“This bill is important to our wives, our mothers, and our daughters. But it’s equally important to our fathers and sons,” said New Orleans Senator J. P. Morrell. “The message we’re sending to people around this state is that we believe that people should be paid equal pay for equal work.”

The debate over Senator Edwin Murray’s SB 219 was fierce, with the business lobby pushing lawmakers to vote no.

“All we’re doing with this bill is we are putting one more little nail in the coffin of businesses across the state,” said Senator Jack Donahue.

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WRKF
3:03 am
Tue May 12, 2015

Chasing Change Under Couch Cushions

Originally published on Tue May 12, 2015 7:52 am

The House Appropriations Committee approved the budget bill – HB 1 – Monday. But first, members exhibited their expertise in using the news for clues which couch cushions to look under for loose change.

Houma Rep. Joe Harrison snagged some Racing Commission money for the Board of Regents, which he discovered in a recent report from the Legislative Auditor.

“The Racing Commission, since the inception of ‘gaming’, was supposed to be giving a percentage of its money, its budget, to Regents,” Harrison told the committee. “So we can only go back five years, but that amounts to $2.8 million.”

Covington Rep. John Schroder found some spare change for disabilities programs by looking in the Department of Economic Development.

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WRKF
3:03 am
Mon May 11, 2015

Halftime: 'Unfortunately, It’s Not a Game'

Originally published on Mon May 11, 2015 12:50 pm

For the first time in months, LSU System President F. King Alexander was able to relax a bit over the weekend.

“I spent it with our daughter, at her soccer tournament Saturday and Sunday.”

Last Thursday, Louisiana’s full House passed some revenue raising bills, alleviating some of Alexander’s worry that no solution to the $1.6 billion budget deficit – and the crippling cuts looming over higher education – would be found. Today, the House Appropriations Committee is expected to add that additional funding into the budget bill, with the bulk going toward higher education.

Alexander says the situation appears brighter than before, but, “We’ve got a long ways to go. We’re not there yet.”

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Red River Radio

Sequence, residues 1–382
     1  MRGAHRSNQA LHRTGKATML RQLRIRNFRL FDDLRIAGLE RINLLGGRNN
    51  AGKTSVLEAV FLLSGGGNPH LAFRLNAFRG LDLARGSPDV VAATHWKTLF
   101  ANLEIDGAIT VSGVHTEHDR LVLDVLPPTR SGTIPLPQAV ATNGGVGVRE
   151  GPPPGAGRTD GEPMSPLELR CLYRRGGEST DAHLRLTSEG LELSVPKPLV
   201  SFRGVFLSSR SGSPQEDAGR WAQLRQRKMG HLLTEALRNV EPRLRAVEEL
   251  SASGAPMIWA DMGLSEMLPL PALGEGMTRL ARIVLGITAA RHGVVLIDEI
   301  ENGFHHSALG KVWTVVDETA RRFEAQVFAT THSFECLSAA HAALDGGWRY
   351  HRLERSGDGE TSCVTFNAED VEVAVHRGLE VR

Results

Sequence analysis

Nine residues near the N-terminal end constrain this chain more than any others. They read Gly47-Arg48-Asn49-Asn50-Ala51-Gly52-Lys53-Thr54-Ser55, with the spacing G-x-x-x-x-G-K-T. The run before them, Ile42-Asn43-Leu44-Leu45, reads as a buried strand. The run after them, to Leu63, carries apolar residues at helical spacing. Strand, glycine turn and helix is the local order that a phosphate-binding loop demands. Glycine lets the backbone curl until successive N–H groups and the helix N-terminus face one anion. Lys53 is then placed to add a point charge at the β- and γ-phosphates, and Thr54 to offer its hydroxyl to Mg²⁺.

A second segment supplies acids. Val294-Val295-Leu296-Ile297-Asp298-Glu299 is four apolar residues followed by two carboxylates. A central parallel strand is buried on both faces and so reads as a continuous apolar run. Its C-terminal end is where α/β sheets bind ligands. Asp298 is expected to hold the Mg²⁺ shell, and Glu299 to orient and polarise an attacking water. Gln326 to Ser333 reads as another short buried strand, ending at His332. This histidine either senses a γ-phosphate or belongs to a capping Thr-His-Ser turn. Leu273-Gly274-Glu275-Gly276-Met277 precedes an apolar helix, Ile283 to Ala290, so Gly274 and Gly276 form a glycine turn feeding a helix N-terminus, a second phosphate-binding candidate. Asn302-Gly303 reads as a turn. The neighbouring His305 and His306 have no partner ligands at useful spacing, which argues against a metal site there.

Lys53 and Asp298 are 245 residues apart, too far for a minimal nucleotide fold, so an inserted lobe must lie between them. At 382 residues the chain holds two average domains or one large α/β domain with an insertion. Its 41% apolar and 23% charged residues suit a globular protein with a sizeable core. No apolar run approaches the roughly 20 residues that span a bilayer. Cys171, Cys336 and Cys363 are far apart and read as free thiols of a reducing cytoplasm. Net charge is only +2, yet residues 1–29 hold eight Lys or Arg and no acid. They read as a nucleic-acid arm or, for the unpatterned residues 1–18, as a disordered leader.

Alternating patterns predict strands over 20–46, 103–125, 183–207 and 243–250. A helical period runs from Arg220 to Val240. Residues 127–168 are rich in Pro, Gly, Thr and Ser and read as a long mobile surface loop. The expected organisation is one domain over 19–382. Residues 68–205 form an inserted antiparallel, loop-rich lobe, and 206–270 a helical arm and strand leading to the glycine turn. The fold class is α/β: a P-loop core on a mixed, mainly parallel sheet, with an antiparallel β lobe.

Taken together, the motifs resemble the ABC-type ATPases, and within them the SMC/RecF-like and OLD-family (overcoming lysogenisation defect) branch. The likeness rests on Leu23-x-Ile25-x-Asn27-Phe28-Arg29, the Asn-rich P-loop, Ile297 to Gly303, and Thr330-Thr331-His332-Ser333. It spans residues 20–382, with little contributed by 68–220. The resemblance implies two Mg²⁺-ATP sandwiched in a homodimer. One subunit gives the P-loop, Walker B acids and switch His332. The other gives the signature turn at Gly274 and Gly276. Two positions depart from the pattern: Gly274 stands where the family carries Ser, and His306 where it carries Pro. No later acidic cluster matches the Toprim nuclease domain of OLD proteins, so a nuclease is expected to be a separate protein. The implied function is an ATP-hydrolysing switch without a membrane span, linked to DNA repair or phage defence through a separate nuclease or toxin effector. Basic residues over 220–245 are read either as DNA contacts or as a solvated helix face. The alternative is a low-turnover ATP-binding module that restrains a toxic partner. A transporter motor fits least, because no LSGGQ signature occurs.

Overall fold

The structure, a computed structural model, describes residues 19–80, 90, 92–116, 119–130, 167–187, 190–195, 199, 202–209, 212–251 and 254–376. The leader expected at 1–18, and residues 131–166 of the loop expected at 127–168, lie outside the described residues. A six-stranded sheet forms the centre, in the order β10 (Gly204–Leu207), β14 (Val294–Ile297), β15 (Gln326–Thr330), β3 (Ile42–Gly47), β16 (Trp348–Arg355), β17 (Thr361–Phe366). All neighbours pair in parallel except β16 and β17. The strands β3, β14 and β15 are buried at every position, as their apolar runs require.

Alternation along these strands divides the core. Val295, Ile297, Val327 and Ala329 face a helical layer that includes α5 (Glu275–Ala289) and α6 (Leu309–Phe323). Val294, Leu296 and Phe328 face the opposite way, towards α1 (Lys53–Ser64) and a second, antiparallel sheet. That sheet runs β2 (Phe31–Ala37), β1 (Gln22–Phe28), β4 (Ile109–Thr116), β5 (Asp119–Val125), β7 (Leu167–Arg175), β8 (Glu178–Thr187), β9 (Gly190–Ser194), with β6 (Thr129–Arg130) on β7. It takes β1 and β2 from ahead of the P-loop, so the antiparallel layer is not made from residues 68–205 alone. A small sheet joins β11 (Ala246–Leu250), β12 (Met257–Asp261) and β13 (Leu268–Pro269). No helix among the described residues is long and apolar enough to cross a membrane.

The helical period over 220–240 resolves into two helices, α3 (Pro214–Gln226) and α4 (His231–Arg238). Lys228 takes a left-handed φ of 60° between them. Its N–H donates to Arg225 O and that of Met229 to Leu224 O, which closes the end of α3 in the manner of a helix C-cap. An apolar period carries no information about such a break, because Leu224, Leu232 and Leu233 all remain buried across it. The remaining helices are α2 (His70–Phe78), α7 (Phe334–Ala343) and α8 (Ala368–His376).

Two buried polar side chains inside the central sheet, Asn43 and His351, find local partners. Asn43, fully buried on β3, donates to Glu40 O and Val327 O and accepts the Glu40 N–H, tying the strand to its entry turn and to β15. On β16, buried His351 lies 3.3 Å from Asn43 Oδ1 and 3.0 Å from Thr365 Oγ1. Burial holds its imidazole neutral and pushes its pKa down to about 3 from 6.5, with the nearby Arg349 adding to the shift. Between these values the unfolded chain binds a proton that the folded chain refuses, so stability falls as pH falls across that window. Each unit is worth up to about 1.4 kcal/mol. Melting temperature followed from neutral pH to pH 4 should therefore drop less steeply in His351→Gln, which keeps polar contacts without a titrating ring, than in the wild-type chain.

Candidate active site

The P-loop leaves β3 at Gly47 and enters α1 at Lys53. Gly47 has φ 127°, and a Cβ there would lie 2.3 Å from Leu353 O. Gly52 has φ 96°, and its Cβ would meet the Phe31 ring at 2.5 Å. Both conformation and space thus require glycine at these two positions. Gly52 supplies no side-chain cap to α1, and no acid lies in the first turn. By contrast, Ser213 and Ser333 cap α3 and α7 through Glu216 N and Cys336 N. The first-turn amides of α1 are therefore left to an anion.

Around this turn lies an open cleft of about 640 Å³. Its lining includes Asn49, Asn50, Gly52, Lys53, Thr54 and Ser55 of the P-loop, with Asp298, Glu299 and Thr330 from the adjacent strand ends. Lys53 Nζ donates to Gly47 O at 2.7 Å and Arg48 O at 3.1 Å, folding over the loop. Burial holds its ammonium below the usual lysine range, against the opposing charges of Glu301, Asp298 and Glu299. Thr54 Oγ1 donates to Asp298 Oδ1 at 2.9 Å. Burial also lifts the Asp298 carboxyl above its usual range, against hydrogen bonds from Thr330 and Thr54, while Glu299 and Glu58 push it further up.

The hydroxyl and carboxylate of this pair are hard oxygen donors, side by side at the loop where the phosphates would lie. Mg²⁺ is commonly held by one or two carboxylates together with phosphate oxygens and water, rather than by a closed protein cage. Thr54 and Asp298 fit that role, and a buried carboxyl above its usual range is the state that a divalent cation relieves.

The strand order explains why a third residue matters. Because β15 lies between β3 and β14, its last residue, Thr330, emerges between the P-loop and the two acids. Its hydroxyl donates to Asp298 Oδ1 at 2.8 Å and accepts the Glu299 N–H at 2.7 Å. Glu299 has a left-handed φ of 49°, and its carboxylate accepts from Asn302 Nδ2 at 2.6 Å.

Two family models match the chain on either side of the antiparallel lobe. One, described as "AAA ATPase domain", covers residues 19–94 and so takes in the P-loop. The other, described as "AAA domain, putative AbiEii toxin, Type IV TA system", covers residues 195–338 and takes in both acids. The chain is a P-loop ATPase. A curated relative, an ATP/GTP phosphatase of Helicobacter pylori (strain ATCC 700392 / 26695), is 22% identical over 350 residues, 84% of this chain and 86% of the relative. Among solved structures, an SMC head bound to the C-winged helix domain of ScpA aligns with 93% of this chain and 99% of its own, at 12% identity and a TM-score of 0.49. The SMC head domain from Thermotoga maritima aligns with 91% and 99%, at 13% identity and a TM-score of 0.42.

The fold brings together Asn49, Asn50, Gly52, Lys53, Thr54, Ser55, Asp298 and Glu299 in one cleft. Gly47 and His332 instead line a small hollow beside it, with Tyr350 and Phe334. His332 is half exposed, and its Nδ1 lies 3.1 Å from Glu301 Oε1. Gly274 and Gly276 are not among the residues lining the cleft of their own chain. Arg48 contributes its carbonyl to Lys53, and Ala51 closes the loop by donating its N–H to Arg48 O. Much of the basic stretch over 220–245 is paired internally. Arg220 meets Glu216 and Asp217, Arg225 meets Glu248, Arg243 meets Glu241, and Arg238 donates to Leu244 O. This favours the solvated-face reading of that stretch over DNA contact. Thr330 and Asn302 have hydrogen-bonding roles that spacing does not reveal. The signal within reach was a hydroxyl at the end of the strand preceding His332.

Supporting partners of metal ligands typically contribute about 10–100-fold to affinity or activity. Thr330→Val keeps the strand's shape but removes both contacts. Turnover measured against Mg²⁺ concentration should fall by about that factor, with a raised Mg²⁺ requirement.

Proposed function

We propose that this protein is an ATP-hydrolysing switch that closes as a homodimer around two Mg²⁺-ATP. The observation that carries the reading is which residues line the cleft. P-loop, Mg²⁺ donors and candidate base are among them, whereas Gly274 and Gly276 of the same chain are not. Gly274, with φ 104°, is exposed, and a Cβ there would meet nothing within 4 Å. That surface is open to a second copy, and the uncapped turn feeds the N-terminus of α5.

3:03 am
Wed May 6, 2015

Political Potholes: Raising Taxes for Roads

Louisiana’s $1.6-billion budget hole is doing nothing to help with the state’s $14-billion backlog of road and bridge projects.

“We kicked the can down the road, but we lost it in a pothole. And we can’t get the can out,” says House Transportation chair Karen St. Germain.

So she offered two tax-raising measures to solve the problem. One, HB 778, increases the state’s sales tax by a penny. The other, HB 777, ups the tax on fuel, gasoline and diesel, by ten cents per gallon.

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WRKF
3:03 am
Tue May 5, 2015

For Medicaid Expansion, It’s SSDD (Same Subject, Different Decision)

House Speaker Chuck Kleckley

“This is not, and should not be a partisan issue, Rep. John Bel Edwards said last Thursday.

When it comes to Medicaid expansion, want to bet? The same concept with the same arguments supporting it was heard from a different author in a different committee Monday, and got a very different reception.

Republican House Speaker Chuck Kleckley’s resolution sailed through House Appropriations yesterday, while Democratic Rep. John Bel Edwards’ resolution failed to pass out of House Health and Welfare last Thursday.

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WRKF
3:03 am
Mon May 4, 2015

Lobbyist: The Art of Persuasion

Lobbyists are an integral part of the legislative process. But what do they actually do – besides stand around in the hallways and talk?

“We, as individuals, represent trade associations, companies, individual public groups. We’re their voice and their ears to keep them advised on their legislative issues.”

So says Randy Haynie, considered the “dean” of Louisiana lobbyists. A fixture at the Capitol since 1980, his clients include pharmaceutical companies, banks, Blueprint Louisiana, and the New Orleans Saints. He’s effective; credited with getting his client, Harrah’s, the land-based casino deal in New Orleans in the late 1990s.